As pressure grows on security budgets there is always a clamour to do more with less and that often translates into more kit, less people. However, the security world is potentially about to be thrown into a degree of turmoil when it comes to standards, training, numbers and activities, with the introduction of the new Protect Duty or Martyn’s Law.
The new legislation hasn’t been published yet so is unlikely to come into law until late 2023 but people are already preparing and one thing is certain, when technology can help it is likely to be brought to play.
The “basic “must have” kit for security officers hasn’t and won’t change for security officers. A small notebook, black pen, torch for nights and a reliable 2-way radio or mobile phone are and will remain essential. However, often this just isn’t enough.
“Many door supervisors and response officers now carry a form of offender marking spray which uses synthetic DNA to match offenders to recorded crimes. Body Worn Video is becoming more widespread as it has been identified as the most effective means to deter violence. Torches with audible sirens and strobe light functions are replacing more traditional fare,” says Rollo Davis.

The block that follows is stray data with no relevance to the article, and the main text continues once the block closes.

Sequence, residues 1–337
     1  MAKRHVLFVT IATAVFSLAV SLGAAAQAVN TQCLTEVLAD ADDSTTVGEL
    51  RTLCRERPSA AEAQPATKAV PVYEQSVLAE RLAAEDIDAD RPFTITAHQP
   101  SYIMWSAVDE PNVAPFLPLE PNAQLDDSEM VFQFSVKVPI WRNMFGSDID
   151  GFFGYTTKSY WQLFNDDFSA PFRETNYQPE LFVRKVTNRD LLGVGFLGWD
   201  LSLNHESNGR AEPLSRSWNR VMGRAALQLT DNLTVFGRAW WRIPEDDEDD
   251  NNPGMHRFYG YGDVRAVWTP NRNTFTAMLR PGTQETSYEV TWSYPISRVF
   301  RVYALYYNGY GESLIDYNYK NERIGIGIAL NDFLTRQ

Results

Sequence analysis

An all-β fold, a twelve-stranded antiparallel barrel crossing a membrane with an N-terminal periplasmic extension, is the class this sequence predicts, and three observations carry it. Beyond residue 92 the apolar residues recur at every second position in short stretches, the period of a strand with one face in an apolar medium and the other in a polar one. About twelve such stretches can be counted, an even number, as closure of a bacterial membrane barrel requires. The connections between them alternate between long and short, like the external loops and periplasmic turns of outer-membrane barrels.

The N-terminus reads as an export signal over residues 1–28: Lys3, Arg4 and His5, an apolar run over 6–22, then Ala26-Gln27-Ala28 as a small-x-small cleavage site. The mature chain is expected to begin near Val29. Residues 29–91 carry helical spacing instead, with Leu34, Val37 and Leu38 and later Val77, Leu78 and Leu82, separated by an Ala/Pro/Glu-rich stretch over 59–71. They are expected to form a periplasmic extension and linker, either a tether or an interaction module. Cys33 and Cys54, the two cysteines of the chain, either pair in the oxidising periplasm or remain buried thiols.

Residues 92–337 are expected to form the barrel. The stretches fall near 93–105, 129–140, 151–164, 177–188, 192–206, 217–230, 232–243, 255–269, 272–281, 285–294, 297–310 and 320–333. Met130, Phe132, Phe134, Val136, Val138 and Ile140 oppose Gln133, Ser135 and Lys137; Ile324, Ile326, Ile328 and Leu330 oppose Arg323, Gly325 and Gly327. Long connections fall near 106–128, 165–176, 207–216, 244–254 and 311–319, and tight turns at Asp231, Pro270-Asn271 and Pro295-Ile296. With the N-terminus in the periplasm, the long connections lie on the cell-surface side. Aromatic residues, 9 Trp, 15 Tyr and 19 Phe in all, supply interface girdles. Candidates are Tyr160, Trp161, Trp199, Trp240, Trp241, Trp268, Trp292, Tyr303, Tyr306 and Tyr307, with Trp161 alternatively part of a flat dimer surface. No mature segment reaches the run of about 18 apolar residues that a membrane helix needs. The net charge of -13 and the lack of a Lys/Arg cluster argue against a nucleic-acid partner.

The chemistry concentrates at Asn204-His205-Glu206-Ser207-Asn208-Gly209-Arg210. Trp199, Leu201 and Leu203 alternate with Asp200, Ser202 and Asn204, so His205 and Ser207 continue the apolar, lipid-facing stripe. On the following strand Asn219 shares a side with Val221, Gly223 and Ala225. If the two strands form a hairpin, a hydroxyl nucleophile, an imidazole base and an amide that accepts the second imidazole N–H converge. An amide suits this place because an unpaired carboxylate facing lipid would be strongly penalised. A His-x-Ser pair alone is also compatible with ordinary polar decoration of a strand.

In a blog, James Brown, Managing Director of Selectamark’s team said, “Commercial guards and patrol officers working for Venture Security across the UK have been carrying the sprays to provide an extra layer of protection as they go about their day-to-day work making sure people, stock, equipment, and premises are safe.”
James added, “Knowing that an attack on someone carrying a SelectaDNA spray comes with a higher rate of conviction, means that criminals are less likely to commit the crime in the first place – drastically reducing incidents of theft and attack.”
Paul Howe, Managing Director of Venture Security, said: “The spray gives our officers confidence that they have the means to act positively in situations where they might not necessarily be able to restrain offenders.”